A Merck executive denied today she tried to pressure one of the nation’s top cardiologists into not publishing an article in a highly respected medical journal raising concerns that Vioxx could cause heart attacks and strokes.
Dr. Alise Reicin testified shortly before the defense rested that she was simply trying to give Dr. Eric Topol, chairman of the department of cardiovascular medicine at the Cleveland Clinic Foundation, Merck’s position that the drug was safe when she visited him at his office.
That visit occurred four months before Topol and several associates published their August 2001 article in the Journal of the American Medical Association.
In it, Topol testified Saturday, the scientists said studies of Vioxx “raise a cautionary flag” about the risk of cardiovascular events in users.
Andy Birchfield, an attorney for a Florida woman suing Merck over the May 2001 death of her husband, confronted Reicin with not only the visit to Topol, but also with company e-mails showing she was part of a Merck team that sought to edit an early draft of his article.
Among those edits, shown to the jury on Saturday, were that Topol’s conclusion should be “toned down”and that the article should be changed to reflect the “Merck perspective.”
“Didn’t you attempt dissuade him from publishing his article?” Birchfield asked tersely during the nation’s first federal trial involving the drug.
“Absolutely not,” snapped Reicin, vice president of clinical research at Merck. “It’s not something I would do.”
Also today, a local pathologist testified that a Florida man whose widow is suing the company died naturally of a common heart condition, countering earlier testimony that Vioxx caused his death.
With his testimony, attorneys for Merck rested their case.
Closing arguments are expected to begin Thursday.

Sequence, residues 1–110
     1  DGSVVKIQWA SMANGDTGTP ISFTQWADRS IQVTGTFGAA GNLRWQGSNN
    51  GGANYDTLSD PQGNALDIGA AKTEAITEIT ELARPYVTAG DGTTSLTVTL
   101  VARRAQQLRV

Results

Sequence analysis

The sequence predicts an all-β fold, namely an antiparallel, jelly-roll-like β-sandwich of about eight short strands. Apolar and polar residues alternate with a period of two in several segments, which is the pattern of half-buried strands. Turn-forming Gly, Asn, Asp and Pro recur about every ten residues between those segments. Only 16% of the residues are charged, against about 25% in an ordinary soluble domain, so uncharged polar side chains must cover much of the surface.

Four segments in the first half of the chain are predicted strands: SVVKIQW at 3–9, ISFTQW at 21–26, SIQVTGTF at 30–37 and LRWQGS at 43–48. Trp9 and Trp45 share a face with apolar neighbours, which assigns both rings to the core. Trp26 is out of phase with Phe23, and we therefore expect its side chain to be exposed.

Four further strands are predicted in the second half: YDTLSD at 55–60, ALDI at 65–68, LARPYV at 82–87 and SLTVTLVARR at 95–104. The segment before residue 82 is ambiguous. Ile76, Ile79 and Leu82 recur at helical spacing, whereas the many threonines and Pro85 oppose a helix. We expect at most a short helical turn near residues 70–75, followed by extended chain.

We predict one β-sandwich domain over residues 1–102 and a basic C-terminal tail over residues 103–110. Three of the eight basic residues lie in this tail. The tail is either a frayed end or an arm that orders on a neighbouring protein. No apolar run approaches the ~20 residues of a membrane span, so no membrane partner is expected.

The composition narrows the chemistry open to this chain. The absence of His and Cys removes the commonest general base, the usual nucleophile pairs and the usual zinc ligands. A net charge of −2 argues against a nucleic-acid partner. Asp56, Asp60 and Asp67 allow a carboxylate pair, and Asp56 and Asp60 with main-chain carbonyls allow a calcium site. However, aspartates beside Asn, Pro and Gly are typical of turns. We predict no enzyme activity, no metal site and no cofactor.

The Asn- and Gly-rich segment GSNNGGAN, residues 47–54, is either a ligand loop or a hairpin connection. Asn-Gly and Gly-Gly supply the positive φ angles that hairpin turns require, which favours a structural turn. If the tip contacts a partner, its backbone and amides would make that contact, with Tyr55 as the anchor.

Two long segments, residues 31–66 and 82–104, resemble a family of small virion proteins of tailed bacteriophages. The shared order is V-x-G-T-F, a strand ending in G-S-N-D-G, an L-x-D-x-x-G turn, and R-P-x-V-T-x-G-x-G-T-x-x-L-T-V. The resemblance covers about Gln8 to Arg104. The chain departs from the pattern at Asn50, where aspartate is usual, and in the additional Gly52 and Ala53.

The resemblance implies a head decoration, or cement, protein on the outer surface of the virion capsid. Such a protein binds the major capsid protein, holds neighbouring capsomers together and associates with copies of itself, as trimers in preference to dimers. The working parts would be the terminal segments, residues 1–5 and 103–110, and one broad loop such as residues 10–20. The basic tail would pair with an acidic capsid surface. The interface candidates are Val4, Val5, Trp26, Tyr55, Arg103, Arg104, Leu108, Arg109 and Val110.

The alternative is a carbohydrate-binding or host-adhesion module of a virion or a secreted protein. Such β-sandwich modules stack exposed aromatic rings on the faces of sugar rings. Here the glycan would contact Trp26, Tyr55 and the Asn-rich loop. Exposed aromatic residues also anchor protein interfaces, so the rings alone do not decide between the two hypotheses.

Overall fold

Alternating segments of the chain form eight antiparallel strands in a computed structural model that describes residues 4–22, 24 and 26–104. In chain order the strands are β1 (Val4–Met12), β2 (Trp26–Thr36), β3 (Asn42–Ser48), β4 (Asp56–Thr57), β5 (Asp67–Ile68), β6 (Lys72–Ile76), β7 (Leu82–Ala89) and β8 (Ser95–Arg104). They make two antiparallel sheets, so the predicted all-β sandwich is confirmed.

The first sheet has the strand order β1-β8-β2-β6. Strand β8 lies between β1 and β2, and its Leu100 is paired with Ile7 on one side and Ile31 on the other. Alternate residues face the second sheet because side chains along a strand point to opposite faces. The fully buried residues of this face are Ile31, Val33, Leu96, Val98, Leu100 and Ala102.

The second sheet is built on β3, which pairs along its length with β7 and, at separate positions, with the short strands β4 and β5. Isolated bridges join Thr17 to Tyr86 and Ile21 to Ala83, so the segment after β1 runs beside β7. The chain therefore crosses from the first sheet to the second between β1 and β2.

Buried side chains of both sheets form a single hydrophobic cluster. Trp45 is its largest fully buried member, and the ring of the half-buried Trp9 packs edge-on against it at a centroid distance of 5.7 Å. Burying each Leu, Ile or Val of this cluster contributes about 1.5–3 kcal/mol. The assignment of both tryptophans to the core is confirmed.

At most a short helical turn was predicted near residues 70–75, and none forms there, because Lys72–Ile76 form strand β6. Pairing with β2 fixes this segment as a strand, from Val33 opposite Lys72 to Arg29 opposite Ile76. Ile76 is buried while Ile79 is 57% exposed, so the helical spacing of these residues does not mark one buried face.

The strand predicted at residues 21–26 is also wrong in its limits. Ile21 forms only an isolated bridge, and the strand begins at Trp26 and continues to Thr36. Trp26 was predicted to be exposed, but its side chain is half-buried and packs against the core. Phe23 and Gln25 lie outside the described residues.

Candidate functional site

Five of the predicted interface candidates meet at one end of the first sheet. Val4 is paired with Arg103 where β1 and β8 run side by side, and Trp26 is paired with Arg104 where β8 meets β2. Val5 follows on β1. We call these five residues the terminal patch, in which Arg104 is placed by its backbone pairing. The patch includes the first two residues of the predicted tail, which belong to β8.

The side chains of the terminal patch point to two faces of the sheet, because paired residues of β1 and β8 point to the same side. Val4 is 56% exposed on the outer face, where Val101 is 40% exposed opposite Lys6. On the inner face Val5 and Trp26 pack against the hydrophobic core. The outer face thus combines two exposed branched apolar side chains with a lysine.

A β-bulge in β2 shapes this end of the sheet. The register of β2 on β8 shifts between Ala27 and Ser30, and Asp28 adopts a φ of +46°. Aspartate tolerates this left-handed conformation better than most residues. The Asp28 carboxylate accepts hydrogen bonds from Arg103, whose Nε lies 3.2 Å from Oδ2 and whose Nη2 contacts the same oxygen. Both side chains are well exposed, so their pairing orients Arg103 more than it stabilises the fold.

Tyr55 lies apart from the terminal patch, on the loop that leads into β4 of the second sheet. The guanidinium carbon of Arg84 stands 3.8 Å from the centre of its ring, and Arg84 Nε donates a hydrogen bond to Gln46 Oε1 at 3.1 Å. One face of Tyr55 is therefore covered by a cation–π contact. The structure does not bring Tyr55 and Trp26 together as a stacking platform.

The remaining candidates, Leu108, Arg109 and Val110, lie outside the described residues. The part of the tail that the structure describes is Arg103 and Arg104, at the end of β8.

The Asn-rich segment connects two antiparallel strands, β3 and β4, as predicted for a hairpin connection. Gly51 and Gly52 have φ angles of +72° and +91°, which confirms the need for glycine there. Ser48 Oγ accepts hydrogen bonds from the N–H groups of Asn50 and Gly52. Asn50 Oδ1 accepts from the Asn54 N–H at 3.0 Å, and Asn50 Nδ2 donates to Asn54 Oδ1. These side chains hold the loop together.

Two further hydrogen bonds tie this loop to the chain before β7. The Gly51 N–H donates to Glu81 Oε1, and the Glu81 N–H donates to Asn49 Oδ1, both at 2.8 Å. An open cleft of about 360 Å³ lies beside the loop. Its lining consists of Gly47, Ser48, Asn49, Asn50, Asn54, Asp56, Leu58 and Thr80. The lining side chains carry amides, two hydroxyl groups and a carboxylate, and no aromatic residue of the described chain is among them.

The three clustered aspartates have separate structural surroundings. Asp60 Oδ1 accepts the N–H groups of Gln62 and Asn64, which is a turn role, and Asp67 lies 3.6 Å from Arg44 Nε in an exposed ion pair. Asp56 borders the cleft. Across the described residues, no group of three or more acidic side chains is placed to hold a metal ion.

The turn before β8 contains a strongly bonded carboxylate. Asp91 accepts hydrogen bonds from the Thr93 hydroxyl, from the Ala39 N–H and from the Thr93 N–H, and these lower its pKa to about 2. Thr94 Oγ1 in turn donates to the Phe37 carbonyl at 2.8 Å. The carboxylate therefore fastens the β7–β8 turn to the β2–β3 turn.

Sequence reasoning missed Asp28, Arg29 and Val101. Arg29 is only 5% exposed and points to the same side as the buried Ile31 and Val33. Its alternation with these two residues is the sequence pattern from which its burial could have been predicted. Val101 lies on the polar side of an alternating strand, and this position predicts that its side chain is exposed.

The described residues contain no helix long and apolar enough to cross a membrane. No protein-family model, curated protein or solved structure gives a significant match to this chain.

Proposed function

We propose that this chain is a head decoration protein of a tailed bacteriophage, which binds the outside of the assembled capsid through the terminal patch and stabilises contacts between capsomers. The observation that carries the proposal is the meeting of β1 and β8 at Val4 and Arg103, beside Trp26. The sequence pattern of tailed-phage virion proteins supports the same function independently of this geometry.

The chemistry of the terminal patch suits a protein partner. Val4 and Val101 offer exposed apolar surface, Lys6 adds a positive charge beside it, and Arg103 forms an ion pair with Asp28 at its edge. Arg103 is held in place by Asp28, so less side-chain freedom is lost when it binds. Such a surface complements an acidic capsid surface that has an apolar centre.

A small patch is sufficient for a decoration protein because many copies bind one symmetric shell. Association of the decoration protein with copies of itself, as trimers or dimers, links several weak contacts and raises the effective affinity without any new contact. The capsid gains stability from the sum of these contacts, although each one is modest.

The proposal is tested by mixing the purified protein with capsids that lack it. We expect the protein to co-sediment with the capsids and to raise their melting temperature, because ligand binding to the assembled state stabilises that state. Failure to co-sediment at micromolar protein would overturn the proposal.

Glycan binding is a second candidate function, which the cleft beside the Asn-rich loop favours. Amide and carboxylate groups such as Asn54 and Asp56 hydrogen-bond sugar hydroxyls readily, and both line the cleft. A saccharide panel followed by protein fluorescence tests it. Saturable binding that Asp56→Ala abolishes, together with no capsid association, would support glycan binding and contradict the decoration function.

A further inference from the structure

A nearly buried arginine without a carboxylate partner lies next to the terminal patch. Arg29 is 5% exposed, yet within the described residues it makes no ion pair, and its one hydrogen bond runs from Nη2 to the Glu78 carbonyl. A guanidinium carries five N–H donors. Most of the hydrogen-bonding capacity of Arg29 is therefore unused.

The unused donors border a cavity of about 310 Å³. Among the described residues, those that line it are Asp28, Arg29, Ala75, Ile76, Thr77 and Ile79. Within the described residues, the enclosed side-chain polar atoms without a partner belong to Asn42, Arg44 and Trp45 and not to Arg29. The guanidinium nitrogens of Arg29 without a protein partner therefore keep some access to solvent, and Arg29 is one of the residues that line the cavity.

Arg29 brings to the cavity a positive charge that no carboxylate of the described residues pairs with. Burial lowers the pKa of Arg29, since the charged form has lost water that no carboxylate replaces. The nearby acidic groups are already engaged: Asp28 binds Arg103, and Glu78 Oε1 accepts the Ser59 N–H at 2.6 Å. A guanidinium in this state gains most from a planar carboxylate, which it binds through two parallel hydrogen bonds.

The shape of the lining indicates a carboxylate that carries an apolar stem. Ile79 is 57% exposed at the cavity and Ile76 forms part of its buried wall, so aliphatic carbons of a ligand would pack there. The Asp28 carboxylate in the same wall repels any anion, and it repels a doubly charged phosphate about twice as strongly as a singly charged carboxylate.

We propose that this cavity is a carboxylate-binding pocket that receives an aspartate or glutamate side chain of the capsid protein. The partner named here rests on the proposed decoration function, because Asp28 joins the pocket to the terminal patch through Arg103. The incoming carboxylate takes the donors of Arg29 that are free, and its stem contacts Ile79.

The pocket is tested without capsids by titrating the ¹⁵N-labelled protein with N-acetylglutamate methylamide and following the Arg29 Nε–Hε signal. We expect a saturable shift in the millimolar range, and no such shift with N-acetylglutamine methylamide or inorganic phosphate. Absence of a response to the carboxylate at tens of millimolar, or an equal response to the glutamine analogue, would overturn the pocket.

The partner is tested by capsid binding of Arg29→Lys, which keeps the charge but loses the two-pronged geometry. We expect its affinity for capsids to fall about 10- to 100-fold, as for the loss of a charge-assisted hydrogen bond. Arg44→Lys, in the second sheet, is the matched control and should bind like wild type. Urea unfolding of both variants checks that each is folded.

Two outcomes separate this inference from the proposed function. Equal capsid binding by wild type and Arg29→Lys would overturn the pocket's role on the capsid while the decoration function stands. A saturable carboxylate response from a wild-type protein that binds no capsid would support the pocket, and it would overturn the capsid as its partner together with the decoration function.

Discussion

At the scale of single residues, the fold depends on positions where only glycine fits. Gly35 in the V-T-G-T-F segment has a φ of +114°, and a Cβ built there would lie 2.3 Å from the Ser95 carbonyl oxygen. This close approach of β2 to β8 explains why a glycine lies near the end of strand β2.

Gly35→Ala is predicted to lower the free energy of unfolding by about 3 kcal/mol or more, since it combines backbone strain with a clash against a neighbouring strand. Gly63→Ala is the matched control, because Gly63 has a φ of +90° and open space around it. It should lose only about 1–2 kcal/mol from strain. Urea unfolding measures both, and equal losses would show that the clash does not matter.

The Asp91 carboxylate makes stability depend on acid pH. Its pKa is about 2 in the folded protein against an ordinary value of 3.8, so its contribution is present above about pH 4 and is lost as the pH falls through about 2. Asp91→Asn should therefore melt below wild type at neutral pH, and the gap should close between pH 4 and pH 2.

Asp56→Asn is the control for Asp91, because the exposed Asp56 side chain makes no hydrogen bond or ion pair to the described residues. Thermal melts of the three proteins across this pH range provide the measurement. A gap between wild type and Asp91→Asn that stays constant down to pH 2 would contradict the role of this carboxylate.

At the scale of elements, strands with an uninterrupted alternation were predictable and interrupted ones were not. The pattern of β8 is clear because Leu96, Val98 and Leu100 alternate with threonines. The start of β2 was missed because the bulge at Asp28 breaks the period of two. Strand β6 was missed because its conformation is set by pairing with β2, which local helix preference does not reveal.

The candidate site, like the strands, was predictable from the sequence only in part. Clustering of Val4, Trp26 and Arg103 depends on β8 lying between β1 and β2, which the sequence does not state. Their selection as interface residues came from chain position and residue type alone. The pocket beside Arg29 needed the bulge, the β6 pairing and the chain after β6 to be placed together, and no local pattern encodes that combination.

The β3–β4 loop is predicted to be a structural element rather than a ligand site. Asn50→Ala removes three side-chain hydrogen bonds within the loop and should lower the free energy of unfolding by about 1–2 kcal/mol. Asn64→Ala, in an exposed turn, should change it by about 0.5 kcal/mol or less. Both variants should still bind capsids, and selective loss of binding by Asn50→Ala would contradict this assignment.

Evelyn Irvin Plunkett contends Vioxx caused the blood clot that led to the May 2001 death of her husband, 53-year-old Richard “Dicky” Irvin, manager of a wholesale seafood shop in St. Augustine, Fla.
Plunkett also maintains Merck knew Vioxx could cause heart problems but sought to cover that up because the painkiller was a blockbuster drug that had roughly $2.5 billion in sales each year.
Much of the evidence in the nine-day trial has focused on a Merck study called VIGOR, which found in March 2000 that patients on Vioxx had five times as many heart attacks and strokes as those on an older painkiller, naproxen, sold under the brand name Aleve.
Merck officials said then and now that they believe the study showed naproxen prevents heart troubles, not that Vioxx causes them.
The first real signal of any link between adverse cardiac events and Vioxx didn’t come until September 2004, three years after Irvin’s death, when the company got early results of a study involving Vioxx in cancer patients, Merck officials have said.
That study, which prompted Merck to pull Vioxx from the market, found that patients who took the drug for 18 months or longer had twice the risk of heart attacks and strokes.
Also today, a local pathologist who reviewed Irvin’s autopsy told the jury the blood clot that led to his death occurred naturally as the result of plaque buildup in his left artery.
Dr. Thomas Wheeler, interim chairman of Baylor College of Medicine, said that more than 300,000 people a year, many of them men in their 50s, die in the United States for the same reason Irvin did.
He said plaque in Irvin’s artery likely had been building up over several years without any outward symptoms.
“In essence, Mr. Irvin was skating on thin ice,” Wheeler said.
Using a microscope connected to a projector, Wheeler’s highly technical testimony focused on what has become a key issue in the case whether the cross sections of Irvin’s artery show that the clot was caused by a plaque rupture.
If there was such a rupture in Irvin’s artery, as Wheeler testified, the clot likely was not caused by Vioxx, Merck lawyers have said.
Last week, however, another pathologist testified for the plaintiff that he saw no sign of plaque rupture and concluded Vioxx caused the clot.